On November 7, 2012, he led the Falcons to an upset victory against division rival Ohio Bobcats 26–14. The special teams had two blocked punts and forced two bad snaps which one of them rolled into Ohio's end zone to force a safety. The Falcons took advantage of these turnovers and scored 19 points (2 Touchdowns, 1 Field Goal, and 1 Safety). With the win, BG moved into 2nd place in the MAC East Division and kept their hopes alive of winning the MAC East and better yet the entire conference.

The 2013 season has proven to be Clawson's most successful season thus far at Bowling Green. His Falcons have posted a 10-3 record, including an 8-1 conference record. On December 6, 2013, Clawson led his team to its first MAC Championship since 1992 with a 47-27 victory over the formerly undefeated Northern Illinois Huskies in the MAC Championship Game.

Wake Forest[edit]

Clawson was named head football coach at Wake Forest University on December 10, 2013.[10]

Offensive philosophy[edit]

Clawson describes his coaching style as one that utilizes the available talent to maximize success. His philosophy focuses on getting individual playmakers more touches rather than sticking to a rigidly-defined system. His offenses have displayed components of the Pro-Style, Spread and Power Running attacks. His influences included Hank Small whom he coached under at Lehigh University and numerous NFL teams including the New York Jets, New York Giants and others.[11]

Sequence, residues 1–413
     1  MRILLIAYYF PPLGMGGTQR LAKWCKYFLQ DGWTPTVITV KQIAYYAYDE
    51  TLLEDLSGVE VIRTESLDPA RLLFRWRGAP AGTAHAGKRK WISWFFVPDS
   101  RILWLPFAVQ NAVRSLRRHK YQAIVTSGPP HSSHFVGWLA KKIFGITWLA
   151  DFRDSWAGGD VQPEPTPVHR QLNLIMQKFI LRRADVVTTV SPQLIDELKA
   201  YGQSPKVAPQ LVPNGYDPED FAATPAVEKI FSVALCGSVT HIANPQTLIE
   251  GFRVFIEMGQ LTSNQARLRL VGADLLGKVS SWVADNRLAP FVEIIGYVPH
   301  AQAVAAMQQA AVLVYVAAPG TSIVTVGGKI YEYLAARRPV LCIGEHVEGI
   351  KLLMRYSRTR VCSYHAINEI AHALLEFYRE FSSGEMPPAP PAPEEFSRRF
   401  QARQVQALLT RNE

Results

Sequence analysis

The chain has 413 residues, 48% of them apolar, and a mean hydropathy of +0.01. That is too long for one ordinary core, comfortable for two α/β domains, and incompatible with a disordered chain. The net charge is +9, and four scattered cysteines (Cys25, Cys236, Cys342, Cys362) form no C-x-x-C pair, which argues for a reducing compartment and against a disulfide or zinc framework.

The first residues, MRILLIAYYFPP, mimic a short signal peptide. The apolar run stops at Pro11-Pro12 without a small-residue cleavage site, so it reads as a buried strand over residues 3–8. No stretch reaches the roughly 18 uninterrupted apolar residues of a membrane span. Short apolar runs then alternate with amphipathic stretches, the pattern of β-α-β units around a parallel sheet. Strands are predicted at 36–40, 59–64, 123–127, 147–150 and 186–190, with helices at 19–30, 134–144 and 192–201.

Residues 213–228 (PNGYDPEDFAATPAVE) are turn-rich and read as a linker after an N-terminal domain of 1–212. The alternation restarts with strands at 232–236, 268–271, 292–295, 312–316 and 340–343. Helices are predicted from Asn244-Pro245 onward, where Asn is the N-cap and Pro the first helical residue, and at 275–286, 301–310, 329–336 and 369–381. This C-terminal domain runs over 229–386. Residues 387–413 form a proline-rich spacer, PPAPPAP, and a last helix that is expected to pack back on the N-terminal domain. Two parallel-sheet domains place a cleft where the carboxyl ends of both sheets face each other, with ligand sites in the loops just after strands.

Head coaching record[edit]

YearTeamOverallConferenceStandingBowl/playoffsCoaches#AP°
Fordham Rams (Patriot League) (1999–2003)
1999Fordham0–110–67th
2000Fordham3–81–56th
2001Fordham7–45–23rd
2002Fordham10–36–1T–1stL Div I-AA Quarterfinals
2003Fordham9–34–3T–3rd
Fordham:29–2916–17
Richmond Spiders (Atlantic 10 Conference) (2004–2006)
2004Richmond3–80–85th (South)
2005Richmond9–47–11st (South) L Div I-AA Quarterfinals8
2006Richmond6–53–5T–4th (South)
Richmond Spiders (Colonial Athletic Association) (2007)
2007Richmond11–37–11st (South) L Div FCS Semifinals4
Richmond:29–2017–15
Bowling Green Falcons (Mid-American Conference) (2009–present)
2009Bowling Green7–66–23rd (East) L Humanitarian
2010Bowling Green2–101–7T–5th (East)
2011Bowling Green5–73–5T–4th (East)
2012Bowling Green8–56–22nd (East) L Military
2013Bowling Green10–37–11st (East) Little Caesars
Bowling Green:32–3124–17
Total:90–80
      National championship         Conference title         Conference division title
#Rankings from final Coaches' Poll.

References[edit]